Abstract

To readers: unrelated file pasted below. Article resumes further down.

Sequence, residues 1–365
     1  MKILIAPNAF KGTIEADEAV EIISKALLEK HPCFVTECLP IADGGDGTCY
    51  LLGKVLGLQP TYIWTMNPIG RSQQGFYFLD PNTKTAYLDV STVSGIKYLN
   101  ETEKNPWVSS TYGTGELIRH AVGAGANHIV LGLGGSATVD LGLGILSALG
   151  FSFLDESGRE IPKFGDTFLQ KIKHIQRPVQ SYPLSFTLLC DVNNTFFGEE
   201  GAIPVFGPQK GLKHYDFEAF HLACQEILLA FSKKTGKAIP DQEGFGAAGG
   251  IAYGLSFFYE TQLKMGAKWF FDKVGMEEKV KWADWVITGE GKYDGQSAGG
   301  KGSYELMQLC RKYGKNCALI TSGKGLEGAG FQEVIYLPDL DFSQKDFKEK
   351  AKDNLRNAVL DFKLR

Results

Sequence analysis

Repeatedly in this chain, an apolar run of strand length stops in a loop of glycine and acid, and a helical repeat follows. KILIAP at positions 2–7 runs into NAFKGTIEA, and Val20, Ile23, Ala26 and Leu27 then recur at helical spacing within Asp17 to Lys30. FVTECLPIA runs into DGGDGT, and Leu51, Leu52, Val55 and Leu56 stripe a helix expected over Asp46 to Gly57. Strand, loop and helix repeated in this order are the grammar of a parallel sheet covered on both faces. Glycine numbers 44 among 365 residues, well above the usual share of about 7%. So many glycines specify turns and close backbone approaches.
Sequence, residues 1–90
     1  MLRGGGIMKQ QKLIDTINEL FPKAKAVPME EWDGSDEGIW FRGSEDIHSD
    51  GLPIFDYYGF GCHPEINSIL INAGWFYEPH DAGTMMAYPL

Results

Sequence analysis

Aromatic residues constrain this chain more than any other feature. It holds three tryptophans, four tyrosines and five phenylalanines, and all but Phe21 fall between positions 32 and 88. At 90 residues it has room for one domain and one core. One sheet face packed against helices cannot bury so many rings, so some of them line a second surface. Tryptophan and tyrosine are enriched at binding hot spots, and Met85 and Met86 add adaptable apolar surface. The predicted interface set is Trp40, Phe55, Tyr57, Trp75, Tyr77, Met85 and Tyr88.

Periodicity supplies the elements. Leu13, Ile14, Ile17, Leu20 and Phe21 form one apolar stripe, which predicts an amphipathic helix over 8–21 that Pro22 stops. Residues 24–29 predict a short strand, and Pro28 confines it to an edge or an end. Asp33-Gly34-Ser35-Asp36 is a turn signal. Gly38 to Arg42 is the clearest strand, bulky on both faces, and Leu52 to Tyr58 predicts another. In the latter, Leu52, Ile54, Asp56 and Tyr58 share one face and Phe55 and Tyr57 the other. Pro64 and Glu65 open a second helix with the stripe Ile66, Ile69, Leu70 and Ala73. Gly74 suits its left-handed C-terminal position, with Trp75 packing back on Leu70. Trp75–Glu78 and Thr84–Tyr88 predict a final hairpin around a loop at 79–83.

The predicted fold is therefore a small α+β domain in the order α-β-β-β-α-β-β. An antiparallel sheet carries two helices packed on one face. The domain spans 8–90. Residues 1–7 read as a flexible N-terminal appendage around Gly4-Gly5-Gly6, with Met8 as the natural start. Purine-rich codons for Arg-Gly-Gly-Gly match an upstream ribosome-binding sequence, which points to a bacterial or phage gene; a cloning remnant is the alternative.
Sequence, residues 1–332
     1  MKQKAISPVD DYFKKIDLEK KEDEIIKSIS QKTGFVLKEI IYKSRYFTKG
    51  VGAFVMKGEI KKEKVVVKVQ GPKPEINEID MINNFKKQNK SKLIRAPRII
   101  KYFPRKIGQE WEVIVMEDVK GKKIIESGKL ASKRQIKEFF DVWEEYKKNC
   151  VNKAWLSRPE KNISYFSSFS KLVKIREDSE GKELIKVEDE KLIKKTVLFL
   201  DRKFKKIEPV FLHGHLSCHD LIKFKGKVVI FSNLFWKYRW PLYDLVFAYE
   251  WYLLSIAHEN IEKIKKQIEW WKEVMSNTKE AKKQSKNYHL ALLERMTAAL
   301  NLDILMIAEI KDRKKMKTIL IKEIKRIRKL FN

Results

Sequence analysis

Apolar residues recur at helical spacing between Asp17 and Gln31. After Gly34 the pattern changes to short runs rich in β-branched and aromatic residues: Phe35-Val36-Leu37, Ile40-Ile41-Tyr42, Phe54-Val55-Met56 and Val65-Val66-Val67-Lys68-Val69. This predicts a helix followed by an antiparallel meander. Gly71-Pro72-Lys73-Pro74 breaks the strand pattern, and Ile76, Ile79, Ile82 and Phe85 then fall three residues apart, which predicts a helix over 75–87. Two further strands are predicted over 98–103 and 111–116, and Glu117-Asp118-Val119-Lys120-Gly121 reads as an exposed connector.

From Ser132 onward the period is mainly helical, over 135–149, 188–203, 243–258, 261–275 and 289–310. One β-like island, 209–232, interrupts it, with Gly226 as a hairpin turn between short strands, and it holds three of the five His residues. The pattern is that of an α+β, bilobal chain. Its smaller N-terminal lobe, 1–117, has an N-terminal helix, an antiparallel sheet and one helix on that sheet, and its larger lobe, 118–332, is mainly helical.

Discriminant function analysis is an effective tool for differentiation of strand-line environments, represented by calcareous sediment from the Bermuda Islands. Sediment samples from the beaches of Bermuda were separated on the basis of wave energy regime and tidal position: subtidal, intertidal, and supratidal (dune and eolian flat). Sediment from the beaches that face the lagoon is composed of fragments of (1) the green alga, Halimeda, (2) bivalves, and (3) Pleistocene, skeletal eolianite. Sediment from beaches that face the open ocean is composed of fragments of (1) the Foraminifera, Homotrema, (2) coral, (3) coralline algae, and (4) Pleistocene, skeletal eolianite. Differences in sediment texture and ability to discriminate depositional environments are related to skeletal composition of the sediment and to wave-energy regime. The combination of phi mean, phi standard deviation, skewness, and kurtosis is most efficient for separating all categories of strand sediment by discriminant analysis. Phi mean and standard deviation combined are also efficient variables for discrimination. Skewness and kurtosis are significantly lower in overall discriminant efficiency, and neither can be utilized successfully when paired with only one other textural variable. Different discriminant functions must be used on the samples from each shore to obtain optimum discrimination, which suggests that specific textural discrimination criteria may be locally, but not generally, valid.

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